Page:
Third Party Administrator (Life/Health)

IMPORTANT:

  • Before applying for or renewing a Life and Health Administrator (TPA) license, you must first make sure that information about the TPA on the Arizona Corporation Commission web site is up to date. If the application contains information that is different from information maintained by the Arizona Corporation Commission, the application will be rejected.
  • All applications must be completed on the computer.  The computer will check the application to help make sure it is complete.  Additionally, the form will tell you additional documents you must submit as part of your application based on entries you make in the form.  Do not print your application until you have entered all required information on it.
  • After printing the application, obtain signature(s) and scan the application forms to your computer or network.  
  • Before using the Portal to submit your application, you should make sure you save all the documents you need to upload to one location on your computer or network.  This will make it easier for you to upload all those documents through the Portal.  Double check the list of documents you've saved on your computer/network against the additional documents your application form says are required in order to ensure your application is complete when you submit it.  
  • Use the Third-party Administrator Registration Portal (https://azinsurance.online/Upload/tpato upload application documents, pay any required fee, and to submit your application to us instantaneously. There is no additional cost to use the Portal, and your documents will be transmitted to us in a secure, encrypted manner.

WHAT IS A LIFE AND HEALTH ADMINISTRATOR (OR TPA)?

life and health administrator, also know as a third-party administrator ("TPA") collects money or processes claims for residents of Arizona in connection with life or health insurance coverage.  Arizona Revised Statutes ("ARS") § 20-485 provides a full definition, including the types of entities that are not considered TPAs.

WHO MUST BE LICENSED?

Before applying to register a TPA, review the exemptions from the registration requirements, review the entities listed in ARS § 20-485(A)(1), which are listed on the first page of Form E-100: Application for Life and Health Administrator Registration, to determine whether you are excluded from TPA registration requirements. 

  • If you are adjusting property and casualty claims, you need to be licensed as an adjuster (click here for requirements).
  • If you are administering workers compensation claims, contact the Industrial Commission of Arizona.
  • If you are a motor vehicle service contract administrator, Arizona does not have a licensing/registration requirement; however, you or the insurer must file motor vehicle service contracts with the Department and you or the insurer must post a surety bond with the Department's Financial Affairs Division. ARS § 20-1095.06
  • Arizona does not have jurisdiction (and no license is required) if you are only administering ERISA plans (a self-insured program operated by a single employer for the benefit of its employees or the employees of a wholly-owned subsidiary).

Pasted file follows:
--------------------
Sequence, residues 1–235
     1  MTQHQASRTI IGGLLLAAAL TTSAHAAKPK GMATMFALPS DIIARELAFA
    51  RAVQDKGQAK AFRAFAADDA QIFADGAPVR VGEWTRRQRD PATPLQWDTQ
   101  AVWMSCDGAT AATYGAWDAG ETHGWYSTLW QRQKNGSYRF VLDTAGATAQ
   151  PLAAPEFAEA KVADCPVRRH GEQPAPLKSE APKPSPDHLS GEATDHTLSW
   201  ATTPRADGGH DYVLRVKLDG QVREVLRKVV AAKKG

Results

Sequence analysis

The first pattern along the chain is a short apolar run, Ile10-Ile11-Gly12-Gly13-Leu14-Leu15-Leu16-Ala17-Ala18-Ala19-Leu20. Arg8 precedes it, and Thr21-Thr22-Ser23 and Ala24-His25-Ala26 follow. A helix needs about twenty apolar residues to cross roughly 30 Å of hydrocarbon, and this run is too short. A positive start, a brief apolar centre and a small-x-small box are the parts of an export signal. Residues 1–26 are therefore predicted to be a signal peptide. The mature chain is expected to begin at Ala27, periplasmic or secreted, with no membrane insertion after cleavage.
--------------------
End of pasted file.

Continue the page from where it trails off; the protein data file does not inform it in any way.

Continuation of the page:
Arizona law does not distinguish between TPAs that are organized within Arizona from TPAs organized in other states.  The entity must be formed or registered with the Arizona Corporation Commission (http://www.azcc.gov) and registered with the Arizona Department of Insurance unless exempt from registration requirements. 

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All insurance professionals (both residents and nonresidents) can apply for licenses, renew licenses, and update addresses and phone numbers online through the National Insurance Producer Registry (NIPR), at www.nipr.com.  

NIPR license and renewal applications are easy to complete, and we can usually process them faster than applications that are mailed to us. NIPR charges a small transaction fee (around $5 to $7) to process a license application and fee payment.  Many people have found that overall, the added convenience plus the time and postage savings are worth paying the fee. 

USE NIPR FOR FREE to change an address, e-mail address or phone number!

ARS § 41-1030(G) requires most Arizona government agencies to prominently print the provisions of ARS § 41-1030(B), (D), (E) and (F) on all license applications.  The following is the language in ARS § 41-1030(B), (D), (E) and (F):

B. An agency shall not base a licensing decision in whole or in part on a licensing requirement or condition that is not specifically authorized by statute, rule or state tribal gaming compact. A general grant of authority in statute does not constitute a basis for imposing a licensing requirement or condition unless a rule is made pursuant to that general grant of authority that specifically authorizes the requirement or condition.

D. This section may be enforced in a private civil action and relief may be awarded against the state.  The court may award reasonable attorney fees, damages and all fees associated with the license application to a party that prevails in an action against the state for a violation of this section.

E. A state employee may not intentionally or knowingly violate this section.  A violation of this section is cause for disciplinary action or dismissal pursuant to the agency’s adopted personnel policy.

F. This section does not abrogate the immunity provided by section 12-820.01 or 12-820.02.

Third Party Administrator (Life/Health)